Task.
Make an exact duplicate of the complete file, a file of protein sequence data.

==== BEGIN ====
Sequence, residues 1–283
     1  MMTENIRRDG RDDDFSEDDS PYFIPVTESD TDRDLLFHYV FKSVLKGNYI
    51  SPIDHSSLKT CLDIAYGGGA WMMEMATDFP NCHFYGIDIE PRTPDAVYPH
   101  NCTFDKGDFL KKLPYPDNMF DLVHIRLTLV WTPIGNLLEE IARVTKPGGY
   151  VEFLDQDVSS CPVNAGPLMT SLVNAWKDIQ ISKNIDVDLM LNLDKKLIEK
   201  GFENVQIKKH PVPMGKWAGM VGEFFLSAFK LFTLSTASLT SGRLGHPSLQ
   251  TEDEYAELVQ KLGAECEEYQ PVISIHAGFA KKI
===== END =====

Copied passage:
Sequence, residues 1–283
     1  MMTENIRRDG RDDDFSEDDS PYFIPVTESD TDRDLLFHYV FKSVLKGNYI
    51  SPIDHSSLKT CLDIAYGGGA WMMEMATDFP NCHFYGIDIE PRTPDAVYPH
   101  NCTFDKGDFL KKLPYPDNMF DLVHIRLTLV WTPIGNLLEE IARVTKPGGY
   151  VEFLDQDVSS CPVNAGPLMT SLVNAWKDIQ ISKNIDVDLM LNLDKKLIEK
   201  GFENVQIKKH PVPMGKWAGM VGEFFLSAFK LFTLSTASLT SGRLGHPSLQ
   251  TEDEYAELVQ KLGAECEEYQ PVISIHAGFA KKI